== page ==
North America 1855: Bleeding Kansas
In 1854 the Kansas-Nebraska Act created the new territories of Kansas and Nebraska, opening them up for settlement and granting them the right to choose whether or not to allow slavery through popular vote. The result was an influx of pro- and anti-slavery elements into Kansas in a bid to determine which way the vote would go, with both sides often resorting to violence. The dispute would not be resolved until 1859, when a final referendum confirmed Kansas’ status as a free state.
1 Mar 1854–4 Aug 1855 Ayutla Revolution▲
Starting in Ayutla, Guerrero, Mexican Republic, a liberal revolution forced dictator Santa Anna to resign from office.
31 Mar 1854 Convention of Kanagawa▲
After returning to Japan with ten ships and 1600 men in February 1854, Commodore Matthew C. Perry of the United States Navy successfully pressured the Tokugawa shogunate of Japan to sign a treaty with the United States. By the terms of this Japanese-US Treaty of Peace and Amity—also known as the Convention of Kanagawa—Japan agreed to open the ports of Shimoda and Hakodate to American trade, ending its 220-year-old policy of national seclusion (sakoku). The treaty also ensured the safety of American castaways and established the position of an American consul in Japan.
30 May 1854 Kansas-Nebraska Act▲
The Kansas-Nebraska Act breaks up the vast unorganized territory in the western United States, establishing the Kansas and Nebraska Territories, and repeals the Missouri Compromise of 1820 by allowing new settlers to choose whether to introduce slavery
13 Jul 1854 Bombardment of Greytown▲
The United States sloop-of-war USS Cyane, commanded by George H. Hollins, bombarded Greytown, British protectorate of the Miskito Kingdom, in response to attempts by the government of Greytown to charge taxes and duties on ships using it as a port to access the Nicaragua Route to California. The town was bombarded, occupied by marines, and destroyed. Despite the destruction, there were no casualties and the US refused to apologize for the attack.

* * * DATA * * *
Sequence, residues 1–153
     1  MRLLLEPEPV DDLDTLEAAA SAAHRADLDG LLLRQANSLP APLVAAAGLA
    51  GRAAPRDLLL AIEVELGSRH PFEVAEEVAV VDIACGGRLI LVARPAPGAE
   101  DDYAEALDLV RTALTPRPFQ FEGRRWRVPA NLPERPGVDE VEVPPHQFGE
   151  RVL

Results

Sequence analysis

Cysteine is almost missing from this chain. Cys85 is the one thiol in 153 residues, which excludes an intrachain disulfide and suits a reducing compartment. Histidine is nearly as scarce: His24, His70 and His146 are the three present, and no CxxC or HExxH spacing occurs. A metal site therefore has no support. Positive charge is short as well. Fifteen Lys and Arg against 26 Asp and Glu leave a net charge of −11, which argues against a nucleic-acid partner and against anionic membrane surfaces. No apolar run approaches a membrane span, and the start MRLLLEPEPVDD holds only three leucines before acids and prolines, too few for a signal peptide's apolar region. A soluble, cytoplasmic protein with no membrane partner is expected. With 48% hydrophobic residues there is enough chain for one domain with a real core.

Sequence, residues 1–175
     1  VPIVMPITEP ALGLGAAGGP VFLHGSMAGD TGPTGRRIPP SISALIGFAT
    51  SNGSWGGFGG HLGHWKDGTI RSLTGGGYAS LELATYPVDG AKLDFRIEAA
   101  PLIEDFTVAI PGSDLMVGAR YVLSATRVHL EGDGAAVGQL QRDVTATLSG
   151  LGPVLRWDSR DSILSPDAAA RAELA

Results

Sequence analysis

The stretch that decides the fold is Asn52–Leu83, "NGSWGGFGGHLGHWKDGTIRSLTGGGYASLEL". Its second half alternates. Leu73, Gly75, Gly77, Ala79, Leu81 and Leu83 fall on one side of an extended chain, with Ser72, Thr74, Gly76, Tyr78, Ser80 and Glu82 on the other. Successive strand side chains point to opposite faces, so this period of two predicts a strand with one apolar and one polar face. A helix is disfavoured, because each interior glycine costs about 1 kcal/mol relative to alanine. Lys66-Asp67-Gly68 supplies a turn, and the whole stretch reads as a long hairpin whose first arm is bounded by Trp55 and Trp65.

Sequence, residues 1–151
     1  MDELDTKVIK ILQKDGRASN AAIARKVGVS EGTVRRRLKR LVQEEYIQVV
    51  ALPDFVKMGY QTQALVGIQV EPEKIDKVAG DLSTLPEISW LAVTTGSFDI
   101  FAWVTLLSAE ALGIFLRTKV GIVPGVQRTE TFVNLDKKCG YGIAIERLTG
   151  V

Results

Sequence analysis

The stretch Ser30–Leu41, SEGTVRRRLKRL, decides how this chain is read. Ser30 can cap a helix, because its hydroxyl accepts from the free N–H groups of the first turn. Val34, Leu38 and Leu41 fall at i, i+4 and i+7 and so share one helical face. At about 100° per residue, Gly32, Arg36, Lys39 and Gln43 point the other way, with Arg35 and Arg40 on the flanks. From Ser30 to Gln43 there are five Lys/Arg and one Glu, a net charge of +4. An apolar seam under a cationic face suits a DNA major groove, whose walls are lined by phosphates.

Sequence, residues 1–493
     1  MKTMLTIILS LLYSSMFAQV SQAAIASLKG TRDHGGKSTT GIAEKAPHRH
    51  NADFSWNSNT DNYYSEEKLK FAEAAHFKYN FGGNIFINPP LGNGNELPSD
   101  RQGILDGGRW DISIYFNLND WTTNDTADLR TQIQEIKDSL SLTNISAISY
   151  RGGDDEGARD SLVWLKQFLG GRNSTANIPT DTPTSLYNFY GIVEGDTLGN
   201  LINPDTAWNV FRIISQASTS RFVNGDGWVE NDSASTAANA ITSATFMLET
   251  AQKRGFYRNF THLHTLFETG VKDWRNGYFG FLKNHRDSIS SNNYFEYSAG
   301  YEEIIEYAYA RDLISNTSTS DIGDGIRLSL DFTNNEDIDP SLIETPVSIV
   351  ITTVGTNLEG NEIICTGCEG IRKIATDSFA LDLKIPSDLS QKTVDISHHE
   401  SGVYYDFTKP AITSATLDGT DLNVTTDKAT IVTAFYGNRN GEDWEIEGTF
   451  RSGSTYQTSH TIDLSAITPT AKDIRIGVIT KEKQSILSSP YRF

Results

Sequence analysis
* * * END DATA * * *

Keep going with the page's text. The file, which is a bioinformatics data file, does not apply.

18 Oct 1854 Ostend Manifesto▲
The United States, under the pro-Southern Democratic administration of President Franklin Pierce, offered to purchase Cuba from Spain, implying that war would be declared should Spain refuse. The demand was withdrawn in response to vocal opposition in both the Northern states and Europe.
4 May–13 Oct 1855 Walker’s Conquest of Nicaragua▲
Filibuster William Walker and some 300 followers intervened in a civil war between the Legitimist Party and the Democratic Party in the Republic of Nicaragua. By supporting the Democrats, Walker gained control of the country, ruling through provisional President Patricio Rivas.
20 Sep 1855–23 Sep 1858 Yakima War▲
Following the influx of prospectors into Washington Territory, United States, war broke out between the US government and tribes of the Northwest Plateau, including the Yakima, Walla Walla, Umatilla, Nez Perce and Cayuse. Ultimately, the US Army prevailed and most of the tribes were forced onto reservations.
21 Nov 1855–29 Jul 1859 Bleeding Kansas▲
Anti-slavery and pro-slavery settlers converged on the newly opened Kansas Territory, United States, engaging in numerous violent confrontations as they rallied to determine whether Kansas would outlaw or allow slavery.